Kali is often spoken of as the goddess of destruction, or of time, and there is truth to these descriptions, mythologically and linguistically speaking. While these simplified terms can be helpful when trying to apply the mythological stories and lessons of Kali psychologically to whatever we might be facing in life, ultimately these are just very simple ways of speaking and thinking about her, and don’t even begin to scratch the surface.
So I want to urge you for a moment to stop thinking about Kali as the sword-wielding, black-skinned goddess wearing a skirt of severed arms and a garland of heads. Just for a moment, let’s think about her differently.
Bagala (or Bagalamukhi) is a powerful esoteric goddess who has become ever more popular due to her reputed powers of captivation and control. As a personality she is invoked to control the thoughts and speech of one’s enemies, and is often called upon to aid in winning court cases.
I am a Shakta, and for me, MAA (an informal word a child uses for its Mother, like “Mama”) is the representation of Infinite Being, of pure existence from which all things emerge.
Essentially, we are all MAA, we are all just in different phases/states/stages of realized awareness about the nature of Her existence. The best of gurus teach their disciples to listen to their own Atman (and how to listen, through sadhana) as the supreme guide, because Atman is not separate from Brahman/MAA/Infinite Being (these words are interchangeable), rather than relying on them totally. They may give us guidance and advice, but ultimately they will encourage us to first begin to hear, and then begin to listen to MAA directly. We must each come to our own realization, do our own sadhana, make our own mistakes, and release our own “I” in order to emerge from the darkness of non-awareness.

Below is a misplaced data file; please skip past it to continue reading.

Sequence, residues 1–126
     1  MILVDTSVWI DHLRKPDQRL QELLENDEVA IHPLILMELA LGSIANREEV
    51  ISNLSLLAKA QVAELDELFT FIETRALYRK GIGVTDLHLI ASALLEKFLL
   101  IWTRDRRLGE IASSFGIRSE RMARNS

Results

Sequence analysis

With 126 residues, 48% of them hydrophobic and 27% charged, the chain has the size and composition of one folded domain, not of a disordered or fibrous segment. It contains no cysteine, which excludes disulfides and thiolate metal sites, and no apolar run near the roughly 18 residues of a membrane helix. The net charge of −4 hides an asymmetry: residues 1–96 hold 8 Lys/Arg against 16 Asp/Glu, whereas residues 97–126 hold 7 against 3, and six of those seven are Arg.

Compassion is an oft-overlooked yet vital part of the Hindu and Tantric path toward personal happiness and liberation. In the Devi Mahatmyam, the Gods praise Mahadevi (literally, the Great Goddess) in all Her forms with a famous and powerful hymn called the Devi Suktam. One of the verses from the hymn praises Her as compassion (daya):
ya devi sarvabhutesu dayarupena samsthita |
namastasyai namastasyai namastasyai namo namah ||
Devi Mahatmyam 5.65-67: To that Goddess who exists in all things as the form of compassion, I adore her, I adore her, I adore her, again and again!
The Goddess is compassion, She is manifested in all things as compassion. What does this mean in a real day-to-day sense?
“When offerings are made in worship, with or without proper knowledge, I will receive them gladly, and also the fire offerings made in a similar way.”
– Devi Mahatmyam 12.11
In this verse from the twelfth chapter of Devi Mahatmyam (also Chandi Path or simply the Chandi), the Goddess tells us that She accepts all worship, regardless of whether it is performed with proper knowledge. What is proper knowledge? The “right” mantras, the “right” procedures, the “right” pronunciation, the “right” gestures, the “right” understanding. There is another kind of “right” understanding, which is quite personal and flows from pure devotion.